Review: Mudcrutch & The Shelters

By Sofia Wolfson

There is something uniquely comforting about seeing a musician live that you have grown up on. Just at the sound of an opening chord or a familiar chorus, memories and places come back. My dad always played Tom Petty on our I-5, Northern California bound road trips; I would tolerate the long rides only because I knew “Change of Heart” or “Surrender” was coming up next on the playlist.

But Mudcrutch itself is so much more than a Tom Petty side-project: It is a true super team of musical legends. There is no other band that has the wicked keyboard talents of Benmont Tench jamming five feet away from guitar icon Mike Campbell. The tones of the Mudcrutch albums carry a strong rock core mixed with “psychedelic bluegrass” influences, as they say, making this band truly different than the members’ other projects.

Mudcrutch’s June 26 show at The Fonda opened up with the rocking pulse of The Shelters, who knew exactly how to command the stage, even as an opening act. The band played a stellar set of songs off of their new record, which was co-produced by Tom Petty himself. Underneath the classic rock n’ roll tones of songs like “Surely Burn” and “Birdwatching” comes something so distinct to The Shelters, whether it be the doubled vocals/harmony of Chase Simpson and Josh Jove, or the pure grooviness of drummer Sebastian Harris. But the true importance of The Shelters is the fact that we do not have a handful of great classic rock bands anymore dominating popular music: this band proves the rock n’ roll is still alive and well in the 21st century.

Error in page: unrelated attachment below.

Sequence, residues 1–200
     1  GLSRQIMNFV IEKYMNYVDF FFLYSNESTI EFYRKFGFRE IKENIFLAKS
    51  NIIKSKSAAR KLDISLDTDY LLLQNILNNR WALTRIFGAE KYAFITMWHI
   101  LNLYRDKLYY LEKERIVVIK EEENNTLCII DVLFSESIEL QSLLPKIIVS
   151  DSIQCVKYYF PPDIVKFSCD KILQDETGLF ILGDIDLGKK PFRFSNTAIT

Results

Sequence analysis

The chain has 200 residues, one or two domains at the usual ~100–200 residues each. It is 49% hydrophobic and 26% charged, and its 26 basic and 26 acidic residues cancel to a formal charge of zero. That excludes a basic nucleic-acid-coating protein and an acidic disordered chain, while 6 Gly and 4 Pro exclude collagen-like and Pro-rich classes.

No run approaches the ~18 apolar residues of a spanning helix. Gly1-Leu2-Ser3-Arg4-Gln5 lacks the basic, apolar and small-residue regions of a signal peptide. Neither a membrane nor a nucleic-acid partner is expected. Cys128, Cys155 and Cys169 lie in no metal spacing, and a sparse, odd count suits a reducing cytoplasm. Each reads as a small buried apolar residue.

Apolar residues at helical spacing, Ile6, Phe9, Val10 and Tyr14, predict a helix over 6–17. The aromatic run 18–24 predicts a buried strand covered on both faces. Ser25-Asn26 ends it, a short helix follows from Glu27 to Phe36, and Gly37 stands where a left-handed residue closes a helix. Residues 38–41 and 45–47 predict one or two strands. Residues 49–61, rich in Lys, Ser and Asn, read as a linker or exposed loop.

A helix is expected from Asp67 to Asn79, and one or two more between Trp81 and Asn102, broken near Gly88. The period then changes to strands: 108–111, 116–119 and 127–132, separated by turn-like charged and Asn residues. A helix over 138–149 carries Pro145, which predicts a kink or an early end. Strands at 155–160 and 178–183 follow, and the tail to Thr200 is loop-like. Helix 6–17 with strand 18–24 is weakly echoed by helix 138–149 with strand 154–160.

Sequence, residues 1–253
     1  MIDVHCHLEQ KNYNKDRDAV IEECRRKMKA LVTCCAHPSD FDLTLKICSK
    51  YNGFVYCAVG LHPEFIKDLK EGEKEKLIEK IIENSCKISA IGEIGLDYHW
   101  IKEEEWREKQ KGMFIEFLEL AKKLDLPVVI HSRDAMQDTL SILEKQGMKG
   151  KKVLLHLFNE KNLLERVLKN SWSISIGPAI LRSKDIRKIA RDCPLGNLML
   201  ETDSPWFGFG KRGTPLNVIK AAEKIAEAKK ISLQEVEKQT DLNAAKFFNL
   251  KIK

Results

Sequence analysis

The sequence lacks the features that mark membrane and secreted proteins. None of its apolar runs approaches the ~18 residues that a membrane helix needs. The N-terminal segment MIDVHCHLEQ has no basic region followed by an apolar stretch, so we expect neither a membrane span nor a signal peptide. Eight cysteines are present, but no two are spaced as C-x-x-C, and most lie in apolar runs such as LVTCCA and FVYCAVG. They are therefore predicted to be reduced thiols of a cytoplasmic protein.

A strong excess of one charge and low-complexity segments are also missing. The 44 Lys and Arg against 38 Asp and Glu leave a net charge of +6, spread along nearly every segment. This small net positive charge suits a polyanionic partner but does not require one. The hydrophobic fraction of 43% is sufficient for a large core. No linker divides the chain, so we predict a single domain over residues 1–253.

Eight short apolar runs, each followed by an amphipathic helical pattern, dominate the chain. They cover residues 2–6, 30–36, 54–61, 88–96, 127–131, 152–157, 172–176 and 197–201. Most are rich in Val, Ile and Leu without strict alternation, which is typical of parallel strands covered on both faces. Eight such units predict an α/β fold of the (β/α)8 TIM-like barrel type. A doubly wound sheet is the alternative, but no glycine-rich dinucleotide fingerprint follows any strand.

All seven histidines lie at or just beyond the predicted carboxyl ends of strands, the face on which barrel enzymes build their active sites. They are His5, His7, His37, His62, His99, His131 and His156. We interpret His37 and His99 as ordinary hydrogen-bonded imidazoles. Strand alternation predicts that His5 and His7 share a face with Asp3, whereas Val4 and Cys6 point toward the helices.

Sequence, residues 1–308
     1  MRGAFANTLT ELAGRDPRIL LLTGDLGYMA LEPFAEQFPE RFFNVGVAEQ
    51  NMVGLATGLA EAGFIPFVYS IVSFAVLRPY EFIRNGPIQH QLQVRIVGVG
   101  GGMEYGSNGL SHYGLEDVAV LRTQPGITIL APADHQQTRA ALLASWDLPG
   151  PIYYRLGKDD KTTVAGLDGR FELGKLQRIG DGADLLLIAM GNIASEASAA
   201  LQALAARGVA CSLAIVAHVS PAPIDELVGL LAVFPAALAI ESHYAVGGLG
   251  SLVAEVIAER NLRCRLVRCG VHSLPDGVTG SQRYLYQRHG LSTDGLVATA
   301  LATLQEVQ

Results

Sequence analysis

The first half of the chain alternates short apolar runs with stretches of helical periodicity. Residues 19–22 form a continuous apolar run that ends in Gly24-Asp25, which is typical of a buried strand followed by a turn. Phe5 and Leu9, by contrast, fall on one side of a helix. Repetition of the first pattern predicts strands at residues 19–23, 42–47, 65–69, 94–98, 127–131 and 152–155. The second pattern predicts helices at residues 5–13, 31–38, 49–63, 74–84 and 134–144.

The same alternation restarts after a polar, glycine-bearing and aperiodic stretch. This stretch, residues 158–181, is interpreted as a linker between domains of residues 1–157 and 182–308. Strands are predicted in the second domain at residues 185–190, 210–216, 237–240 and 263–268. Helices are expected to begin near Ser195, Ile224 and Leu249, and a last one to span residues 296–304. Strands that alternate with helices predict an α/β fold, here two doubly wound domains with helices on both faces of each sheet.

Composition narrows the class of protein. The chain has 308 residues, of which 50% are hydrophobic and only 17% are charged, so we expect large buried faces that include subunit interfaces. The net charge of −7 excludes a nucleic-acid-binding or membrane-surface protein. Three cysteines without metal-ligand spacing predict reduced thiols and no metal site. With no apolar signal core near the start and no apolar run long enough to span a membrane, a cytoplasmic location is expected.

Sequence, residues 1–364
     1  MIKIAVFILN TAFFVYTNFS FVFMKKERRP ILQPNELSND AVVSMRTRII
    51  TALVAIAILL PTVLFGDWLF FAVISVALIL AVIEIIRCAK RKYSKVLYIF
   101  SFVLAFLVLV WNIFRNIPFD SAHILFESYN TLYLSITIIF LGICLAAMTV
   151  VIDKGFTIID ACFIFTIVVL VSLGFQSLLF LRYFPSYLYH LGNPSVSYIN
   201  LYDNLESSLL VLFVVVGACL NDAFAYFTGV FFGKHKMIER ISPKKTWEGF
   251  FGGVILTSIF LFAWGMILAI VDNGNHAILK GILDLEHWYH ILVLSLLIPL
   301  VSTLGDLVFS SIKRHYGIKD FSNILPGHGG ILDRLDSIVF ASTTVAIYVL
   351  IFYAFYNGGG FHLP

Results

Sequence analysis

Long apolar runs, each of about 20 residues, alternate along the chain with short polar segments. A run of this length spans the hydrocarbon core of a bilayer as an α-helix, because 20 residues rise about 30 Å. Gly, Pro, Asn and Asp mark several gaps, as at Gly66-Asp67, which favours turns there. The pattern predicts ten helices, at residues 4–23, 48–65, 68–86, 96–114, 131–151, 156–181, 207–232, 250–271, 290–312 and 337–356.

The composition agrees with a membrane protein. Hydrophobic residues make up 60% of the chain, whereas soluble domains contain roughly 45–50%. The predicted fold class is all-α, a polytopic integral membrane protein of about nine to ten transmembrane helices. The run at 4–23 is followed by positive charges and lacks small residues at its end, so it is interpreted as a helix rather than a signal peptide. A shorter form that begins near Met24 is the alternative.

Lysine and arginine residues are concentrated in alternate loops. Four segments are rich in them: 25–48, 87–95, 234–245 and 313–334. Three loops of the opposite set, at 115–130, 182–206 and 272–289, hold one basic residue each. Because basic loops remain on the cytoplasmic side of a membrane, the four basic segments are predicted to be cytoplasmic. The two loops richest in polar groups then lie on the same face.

As I waited for Mudcrutch to take the stage, I listened to the two guys behind me discuss the previous night’s set, and I soon realized that the audience was made up of true, die-hard fans that had seen this show several times prior. You could feel the electricity in the room when the band came out, and from the first moment of handshakes and hugs, it was evident that this was a collection of old friends who cherished being on stage together. After the opening song, the traditional cover “Shady Grove,” a very smiley Tom Petty announced to the audience his discovery: “Sunday night and the drugs still work!”

The set itself had a progression, as the spotlight was passed to different members during songs like “This is a Good Street,” written by keyboardist Benmont Tench. Tom himself told stories about the early days of the band and seemed completely elated to play with this stellar lineup of musicians. There were moments of loud, bright rock with big songs like “Scare Easy,” followed by quieter, more vulnerable acoustic moments with “I Forgive It All.”

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A very special and poignant moment came later in the set: When the band covered the Bob Dylan classic “Knockin’ on Heaven’s Door,” Tom substituted in the lyrics “Mama put my automatic weapons in the ground,” a response to recent events in Orlando. The audience went wild, and there was this confirmed sense of community permeating through the venue. Often times we attend shows where there seems to be this void in between the performer and the audience, causing a disconnect. But at the Mudcrutch show, everyone was there together to celebrate this band, this music, and this night.  

The show ended in true Mudcrutch fashion, with an extended jam to “Crystal River,” joined by the night’s special guest Stephen Stills of Buffalo Springfield. The cool, blue wash of the lights and the slow, psychedelic sounds of this encore was the strong ending to the evening.

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Photo by John Bernstein

So here’s a note from your resident Sonic Blume old soul: listen to the bands that have lived through the decades. They are who inspire the music you listen to today. It’s all a learning experience. ✿

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